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Businesses can choose to have ‘no jab, no job’ policies, says minister

2 Aug 2021 By Francis Churchill

But experts caution against taking a ‘broad brush’ approach to vaccination requirements, warning this could open up the risk of tribunal claims

Companies are allowed to introduce a requirement for members of staff to be vaccinated before returning to the workplace, a minister has suggested, but there would be no new government legislation creating a vaccine mandate.

When asked on Sky News whether he thought it was a good idea that people be double vaccinated before they go back to the workplace, transport minister Grant Shapps said: “Yes I think it’s a good idea and yes some companies are going to require it.”

But, Shapps added: “We’re not going to make that legislation that every adult has to be double vaccinated before they go back to the office.”



His statements echoed those made by foreign secretary Dominic Raab, who told The Telegraph that requiring staff to be double vaccinated before returning to the workplace was a “smart policy”.

However, experts have cautioned against employers taking a “broad brush” approach to vaccination requirements.

Outside of care homes in England, where the government is introducing specific legislation, the employment tribunal remains the ultimate authority on whether employers can require staff to be vaccinated, said Andrew Willis, head of legal at Croner.


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“Comments from government ministers will not be taken into consideration during [a tribunal’s] assessment,” he added.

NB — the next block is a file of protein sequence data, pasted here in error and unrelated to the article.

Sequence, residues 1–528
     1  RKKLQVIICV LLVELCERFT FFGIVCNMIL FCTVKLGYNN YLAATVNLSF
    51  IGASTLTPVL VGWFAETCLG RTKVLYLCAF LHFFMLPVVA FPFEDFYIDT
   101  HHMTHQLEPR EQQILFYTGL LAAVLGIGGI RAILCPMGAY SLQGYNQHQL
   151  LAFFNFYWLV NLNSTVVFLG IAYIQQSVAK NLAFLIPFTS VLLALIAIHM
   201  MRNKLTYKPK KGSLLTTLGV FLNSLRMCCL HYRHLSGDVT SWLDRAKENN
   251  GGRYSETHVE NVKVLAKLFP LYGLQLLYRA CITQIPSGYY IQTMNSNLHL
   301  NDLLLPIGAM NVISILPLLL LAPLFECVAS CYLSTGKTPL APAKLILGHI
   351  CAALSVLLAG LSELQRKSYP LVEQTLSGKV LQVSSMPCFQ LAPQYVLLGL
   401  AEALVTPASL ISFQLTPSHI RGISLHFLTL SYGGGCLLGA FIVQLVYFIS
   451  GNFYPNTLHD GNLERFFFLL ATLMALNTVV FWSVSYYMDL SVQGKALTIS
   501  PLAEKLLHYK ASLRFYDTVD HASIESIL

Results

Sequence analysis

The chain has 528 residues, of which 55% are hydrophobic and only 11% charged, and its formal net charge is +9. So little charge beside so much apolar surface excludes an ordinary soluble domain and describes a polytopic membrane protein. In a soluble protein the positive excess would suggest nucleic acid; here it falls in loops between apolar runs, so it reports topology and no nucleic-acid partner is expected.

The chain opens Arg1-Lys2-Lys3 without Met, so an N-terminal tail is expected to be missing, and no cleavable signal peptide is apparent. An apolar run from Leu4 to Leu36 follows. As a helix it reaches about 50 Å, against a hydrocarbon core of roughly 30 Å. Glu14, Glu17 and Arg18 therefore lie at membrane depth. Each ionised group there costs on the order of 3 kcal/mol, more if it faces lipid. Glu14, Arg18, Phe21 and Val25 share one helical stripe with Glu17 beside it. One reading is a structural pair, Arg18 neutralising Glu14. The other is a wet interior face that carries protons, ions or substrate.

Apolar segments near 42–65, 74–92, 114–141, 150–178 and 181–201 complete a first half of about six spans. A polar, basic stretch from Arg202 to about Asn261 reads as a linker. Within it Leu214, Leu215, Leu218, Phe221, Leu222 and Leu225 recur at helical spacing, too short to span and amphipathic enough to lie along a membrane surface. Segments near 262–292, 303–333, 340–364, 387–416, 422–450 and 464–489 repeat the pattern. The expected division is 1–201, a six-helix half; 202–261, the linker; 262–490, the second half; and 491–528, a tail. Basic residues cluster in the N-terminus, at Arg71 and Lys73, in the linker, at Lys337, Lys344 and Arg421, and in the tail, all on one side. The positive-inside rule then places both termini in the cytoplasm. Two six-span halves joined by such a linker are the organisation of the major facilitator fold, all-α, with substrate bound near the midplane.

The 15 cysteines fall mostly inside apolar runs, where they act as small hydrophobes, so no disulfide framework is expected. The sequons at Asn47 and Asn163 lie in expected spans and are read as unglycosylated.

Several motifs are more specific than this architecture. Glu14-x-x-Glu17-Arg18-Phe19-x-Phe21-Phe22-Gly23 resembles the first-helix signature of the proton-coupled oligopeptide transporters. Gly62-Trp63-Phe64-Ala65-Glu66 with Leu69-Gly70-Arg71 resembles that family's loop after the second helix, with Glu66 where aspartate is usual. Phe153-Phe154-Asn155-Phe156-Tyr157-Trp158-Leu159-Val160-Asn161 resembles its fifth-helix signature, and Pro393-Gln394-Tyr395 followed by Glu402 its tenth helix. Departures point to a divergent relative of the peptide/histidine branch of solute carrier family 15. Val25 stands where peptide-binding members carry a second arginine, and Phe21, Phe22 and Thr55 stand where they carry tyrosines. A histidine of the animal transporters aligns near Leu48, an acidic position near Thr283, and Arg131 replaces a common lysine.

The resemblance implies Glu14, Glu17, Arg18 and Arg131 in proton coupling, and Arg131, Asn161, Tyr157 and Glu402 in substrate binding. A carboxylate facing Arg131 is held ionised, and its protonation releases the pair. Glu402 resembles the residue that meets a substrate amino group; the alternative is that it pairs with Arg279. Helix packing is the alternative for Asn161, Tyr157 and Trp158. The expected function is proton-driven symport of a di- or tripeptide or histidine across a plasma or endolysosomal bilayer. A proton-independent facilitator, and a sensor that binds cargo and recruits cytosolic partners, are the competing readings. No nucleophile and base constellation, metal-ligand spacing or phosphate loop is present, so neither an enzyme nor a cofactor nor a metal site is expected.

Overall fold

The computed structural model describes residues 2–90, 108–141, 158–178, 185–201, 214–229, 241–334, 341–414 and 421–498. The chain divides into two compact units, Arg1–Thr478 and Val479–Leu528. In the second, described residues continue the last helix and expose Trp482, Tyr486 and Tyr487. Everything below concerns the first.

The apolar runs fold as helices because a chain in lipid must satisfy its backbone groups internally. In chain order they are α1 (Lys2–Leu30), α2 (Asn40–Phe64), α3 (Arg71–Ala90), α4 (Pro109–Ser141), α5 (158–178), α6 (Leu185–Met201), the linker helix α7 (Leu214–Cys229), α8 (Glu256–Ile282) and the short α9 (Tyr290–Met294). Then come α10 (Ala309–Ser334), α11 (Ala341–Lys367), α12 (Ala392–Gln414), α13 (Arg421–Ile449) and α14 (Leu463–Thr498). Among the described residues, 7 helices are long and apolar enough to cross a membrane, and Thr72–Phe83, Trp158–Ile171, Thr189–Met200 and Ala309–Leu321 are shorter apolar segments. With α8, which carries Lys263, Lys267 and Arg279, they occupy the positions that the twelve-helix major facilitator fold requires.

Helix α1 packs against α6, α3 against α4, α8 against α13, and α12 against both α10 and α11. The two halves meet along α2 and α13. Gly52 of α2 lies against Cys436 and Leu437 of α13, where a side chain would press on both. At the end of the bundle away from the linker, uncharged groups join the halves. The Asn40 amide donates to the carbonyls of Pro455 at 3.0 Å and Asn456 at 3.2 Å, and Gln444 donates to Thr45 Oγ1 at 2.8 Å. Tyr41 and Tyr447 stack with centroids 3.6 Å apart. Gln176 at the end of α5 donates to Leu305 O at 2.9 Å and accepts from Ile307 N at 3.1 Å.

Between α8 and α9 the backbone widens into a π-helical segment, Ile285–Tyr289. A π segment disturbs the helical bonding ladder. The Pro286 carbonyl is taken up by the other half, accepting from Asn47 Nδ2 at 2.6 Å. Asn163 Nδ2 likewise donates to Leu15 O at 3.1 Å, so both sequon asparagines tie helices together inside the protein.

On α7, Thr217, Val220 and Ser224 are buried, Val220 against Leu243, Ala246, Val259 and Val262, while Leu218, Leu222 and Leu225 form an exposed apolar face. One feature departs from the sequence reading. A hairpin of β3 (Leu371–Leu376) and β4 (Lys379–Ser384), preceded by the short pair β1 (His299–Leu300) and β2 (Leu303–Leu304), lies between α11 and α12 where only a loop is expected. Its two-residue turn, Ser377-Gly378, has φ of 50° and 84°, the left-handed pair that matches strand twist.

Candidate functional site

Instead, every claim relating to a refusal to have the vaccine would be “entirely dependent on the specific facts around that claim”, and employers that take any action against an employee for not being vaccinated face a high risk of a claim if they can not show their mandate was reasonable.

“Circumstances can differ so greatly from employer to employer that a broad brush approach isn’t suitable. Every employer considering whether to make the vaccine mandatory in their business needs to assess their individual risk,” said Willis.

Ben Willmott, head of public policy at the CIPD, said employers should still encourage staff to have the vaccine when offered, but also warned that making the vaccination compulsory could be discriminatory.

“There will be a small minority of people who don’t get the vaccine either because they can’t for medical reasons or choose not to for other reasons, and employers must be careful not to stigmatise or discriminate against them,” he said.

Instead, employers should highlight the benefits of the vaccine and be flexible about working hours or provide paid time off to enable people to attend vaccination appointments, he said.

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